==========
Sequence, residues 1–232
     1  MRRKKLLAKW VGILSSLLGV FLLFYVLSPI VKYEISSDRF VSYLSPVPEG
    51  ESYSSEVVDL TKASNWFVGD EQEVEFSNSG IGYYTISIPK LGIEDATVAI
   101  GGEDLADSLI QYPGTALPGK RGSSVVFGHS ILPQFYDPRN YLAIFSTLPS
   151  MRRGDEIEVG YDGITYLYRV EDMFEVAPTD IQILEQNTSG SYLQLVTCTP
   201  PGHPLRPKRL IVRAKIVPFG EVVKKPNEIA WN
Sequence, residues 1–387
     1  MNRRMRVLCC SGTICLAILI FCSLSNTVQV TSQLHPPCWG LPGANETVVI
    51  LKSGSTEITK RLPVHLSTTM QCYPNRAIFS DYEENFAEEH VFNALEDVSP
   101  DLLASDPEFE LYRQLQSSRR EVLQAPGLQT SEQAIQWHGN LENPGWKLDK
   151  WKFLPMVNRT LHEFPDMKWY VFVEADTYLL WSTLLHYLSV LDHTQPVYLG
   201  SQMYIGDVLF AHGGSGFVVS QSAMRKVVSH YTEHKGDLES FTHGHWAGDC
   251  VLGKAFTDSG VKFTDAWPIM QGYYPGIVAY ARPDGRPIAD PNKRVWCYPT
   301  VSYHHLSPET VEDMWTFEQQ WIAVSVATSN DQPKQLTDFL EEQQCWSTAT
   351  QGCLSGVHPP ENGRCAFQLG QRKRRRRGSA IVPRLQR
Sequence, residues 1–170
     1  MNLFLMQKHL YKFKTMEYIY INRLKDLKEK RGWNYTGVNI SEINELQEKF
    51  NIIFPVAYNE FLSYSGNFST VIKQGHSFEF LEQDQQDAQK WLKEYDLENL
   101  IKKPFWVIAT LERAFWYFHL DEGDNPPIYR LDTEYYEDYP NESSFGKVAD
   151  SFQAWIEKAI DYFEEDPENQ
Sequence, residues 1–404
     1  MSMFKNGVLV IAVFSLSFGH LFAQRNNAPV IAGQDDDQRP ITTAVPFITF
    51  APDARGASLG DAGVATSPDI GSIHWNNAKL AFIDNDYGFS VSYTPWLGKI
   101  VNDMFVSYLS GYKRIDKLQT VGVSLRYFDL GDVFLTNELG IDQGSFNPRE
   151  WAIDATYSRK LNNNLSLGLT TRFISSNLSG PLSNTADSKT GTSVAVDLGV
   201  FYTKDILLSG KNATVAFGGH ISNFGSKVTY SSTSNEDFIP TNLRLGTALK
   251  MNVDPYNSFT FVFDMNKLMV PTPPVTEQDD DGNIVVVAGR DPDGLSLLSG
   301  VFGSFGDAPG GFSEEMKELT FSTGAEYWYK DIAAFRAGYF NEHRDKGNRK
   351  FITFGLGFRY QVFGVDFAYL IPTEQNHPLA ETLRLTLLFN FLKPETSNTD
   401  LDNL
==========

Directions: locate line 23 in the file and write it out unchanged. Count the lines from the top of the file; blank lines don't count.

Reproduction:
    51  APDARGASLG DAGVATSPDI GSIHWNNAKL AFIDNDYGFS VSYTPWLGKI